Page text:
The more businesses, educational institutions and government agencies require vaccination of employees at Kovid-19, the greater the number of counterfeit vaccine cards made on the black market in America.
About a week ago, in the state of Ohio, the Cincinnati Customs Service seized several boxes filled with fake vaccination certificates. There were more than 3,600 cards in them. The consignees were individuals living in Maryland, Illinois, New York, Mississippi and Texas.
Earlier in August, a Chicago pharmacist was arrested for sending genuine cards printed online at the U.S. Centers for Disease Control and Prevention (CDC) online. A similar case occurred in the state of California. In late August, a New York court indicted the entire group, 15 fraudsters. They were selling the cards on Instagram for $ 250.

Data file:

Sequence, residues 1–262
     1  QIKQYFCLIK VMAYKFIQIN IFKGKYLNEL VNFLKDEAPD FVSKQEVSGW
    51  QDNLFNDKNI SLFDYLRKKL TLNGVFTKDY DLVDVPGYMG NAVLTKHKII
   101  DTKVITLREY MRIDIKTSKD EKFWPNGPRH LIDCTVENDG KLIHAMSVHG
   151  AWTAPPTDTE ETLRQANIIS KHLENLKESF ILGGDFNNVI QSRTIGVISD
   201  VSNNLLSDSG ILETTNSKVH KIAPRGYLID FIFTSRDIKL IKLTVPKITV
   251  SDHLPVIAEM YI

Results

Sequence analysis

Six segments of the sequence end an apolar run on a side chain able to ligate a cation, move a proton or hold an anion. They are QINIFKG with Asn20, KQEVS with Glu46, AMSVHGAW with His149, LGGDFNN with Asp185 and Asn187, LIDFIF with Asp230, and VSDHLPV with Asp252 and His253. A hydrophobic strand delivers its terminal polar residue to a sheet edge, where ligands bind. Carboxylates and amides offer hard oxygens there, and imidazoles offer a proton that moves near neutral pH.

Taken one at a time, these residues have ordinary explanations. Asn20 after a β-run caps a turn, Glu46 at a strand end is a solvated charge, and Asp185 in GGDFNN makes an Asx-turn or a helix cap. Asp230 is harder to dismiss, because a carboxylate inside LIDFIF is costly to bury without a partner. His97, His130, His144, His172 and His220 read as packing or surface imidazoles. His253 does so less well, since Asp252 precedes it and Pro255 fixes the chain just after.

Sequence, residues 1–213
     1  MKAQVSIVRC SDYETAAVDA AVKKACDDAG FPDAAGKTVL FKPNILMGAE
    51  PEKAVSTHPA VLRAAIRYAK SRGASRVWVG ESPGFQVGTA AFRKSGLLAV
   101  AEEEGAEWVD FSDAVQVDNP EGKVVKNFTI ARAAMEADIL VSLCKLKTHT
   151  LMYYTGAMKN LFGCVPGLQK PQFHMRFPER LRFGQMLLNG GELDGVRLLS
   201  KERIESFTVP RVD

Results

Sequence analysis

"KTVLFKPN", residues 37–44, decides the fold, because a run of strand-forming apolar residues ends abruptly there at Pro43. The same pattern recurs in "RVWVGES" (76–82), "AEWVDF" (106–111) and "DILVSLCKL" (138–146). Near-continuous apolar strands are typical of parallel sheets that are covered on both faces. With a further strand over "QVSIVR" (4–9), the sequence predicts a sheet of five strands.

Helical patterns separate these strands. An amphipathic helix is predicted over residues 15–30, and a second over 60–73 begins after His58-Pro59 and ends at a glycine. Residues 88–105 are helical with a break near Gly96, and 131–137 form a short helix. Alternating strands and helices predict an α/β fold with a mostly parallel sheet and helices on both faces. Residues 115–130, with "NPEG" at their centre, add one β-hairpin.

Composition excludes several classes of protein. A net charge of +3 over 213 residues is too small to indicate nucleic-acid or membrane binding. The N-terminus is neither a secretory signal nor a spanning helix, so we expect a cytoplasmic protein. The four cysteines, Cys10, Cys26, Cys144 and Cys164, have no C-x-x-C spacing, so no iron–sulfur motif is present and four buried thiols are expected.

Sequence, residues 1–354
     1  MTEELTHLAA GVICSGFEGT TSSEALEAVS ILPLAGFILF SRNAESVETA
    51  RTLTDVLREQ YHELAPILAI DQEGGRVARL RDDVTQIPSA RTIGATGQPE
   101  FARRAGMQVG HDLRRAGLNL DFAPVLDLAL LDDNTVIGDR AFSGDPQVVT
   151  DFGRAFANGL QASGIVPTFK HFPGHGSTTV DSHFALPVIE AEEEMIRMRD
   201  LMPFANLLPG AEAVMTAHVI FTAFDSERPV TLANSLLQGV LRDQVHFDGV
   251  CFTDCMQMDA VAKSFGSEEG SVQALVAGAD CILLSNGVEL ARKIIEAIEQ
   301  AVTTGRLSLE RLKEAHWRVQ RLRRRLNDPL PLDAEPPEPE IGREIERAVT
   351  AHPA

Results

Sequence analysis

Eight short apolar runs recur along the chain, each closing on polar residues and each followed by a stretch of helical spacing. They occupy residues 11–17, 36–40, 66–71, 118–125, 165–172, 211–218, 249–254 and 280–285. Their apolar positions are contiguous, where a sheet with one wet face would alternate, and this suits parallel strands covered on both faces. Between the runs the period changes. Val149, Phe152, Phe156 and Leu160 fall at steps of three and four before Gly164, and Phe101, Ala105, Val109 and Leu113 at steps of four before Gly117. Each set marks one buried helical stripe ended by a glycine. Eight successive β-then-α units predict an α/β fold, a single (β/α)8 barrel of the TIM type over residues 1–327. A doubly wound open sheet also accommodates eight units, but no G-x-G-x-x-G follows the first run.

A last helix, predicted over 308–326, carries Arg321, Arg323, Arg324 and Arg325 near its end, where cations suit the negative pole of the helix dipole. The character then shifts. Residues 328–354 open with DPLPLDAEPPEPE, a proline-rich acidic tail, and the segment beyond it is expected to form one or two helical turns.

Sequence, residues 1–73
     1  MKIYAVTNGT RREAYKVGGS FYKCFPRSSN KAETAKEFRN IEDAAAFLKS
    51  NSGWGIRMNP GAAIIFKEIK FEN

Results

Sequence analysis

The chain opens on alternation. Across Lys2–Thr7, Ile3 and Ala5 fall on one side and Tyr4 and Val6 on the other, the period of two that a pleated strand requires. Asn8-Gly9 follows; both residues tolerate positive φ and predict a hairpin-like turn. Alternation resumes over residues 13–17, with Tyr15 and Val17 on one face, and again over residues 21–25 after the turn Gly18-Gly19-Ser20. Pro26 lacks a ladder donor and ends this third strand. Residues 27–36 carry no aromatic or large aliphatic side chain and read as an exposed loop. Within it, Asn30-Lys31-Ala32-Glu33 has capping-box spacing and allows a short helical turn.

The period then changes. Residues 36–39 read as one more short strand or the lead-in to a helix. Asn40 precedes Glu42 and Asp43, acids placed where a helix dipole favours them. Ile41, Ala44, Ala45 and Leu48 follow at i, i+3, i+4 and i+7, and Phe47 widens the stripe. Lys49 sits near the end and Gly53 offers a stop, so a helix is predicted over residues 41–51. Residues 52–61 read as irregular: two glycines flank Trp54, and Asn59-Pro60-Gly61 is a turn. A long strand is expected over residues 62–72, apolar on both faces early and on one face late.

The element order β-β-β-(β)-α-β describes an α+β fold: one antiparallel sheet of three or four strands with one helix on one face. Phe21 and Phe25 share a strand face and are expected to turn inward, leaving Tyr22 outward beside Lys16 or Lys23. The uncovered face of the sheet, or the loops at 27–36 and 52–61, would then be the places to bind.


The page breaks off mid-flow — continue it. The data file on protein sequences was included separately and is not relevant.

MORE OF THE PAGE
Jurisprudence experts are debating which qualification of crime is more appropriate for this relatively new type of crime. Wesley Oliver, a law professor at the University of Pittsburgh, says it equates to money, or driving license forgery. He does not rule out that in specific cases the perpetrators could be proven or aggravated by the charge of stealing property from the government.
When you get vaccinated at Covid-19 and you are not immunized at this time, it also violates the rights of those around you, says Christopher Robertson, a professor of law at Boston University. In his view, this is a violation of someone else’s security and means putting people at risk that they did not consent to.
As in the case of other similar offenses, both the seller and the buyer will be charged with counterfeiting the immunization card.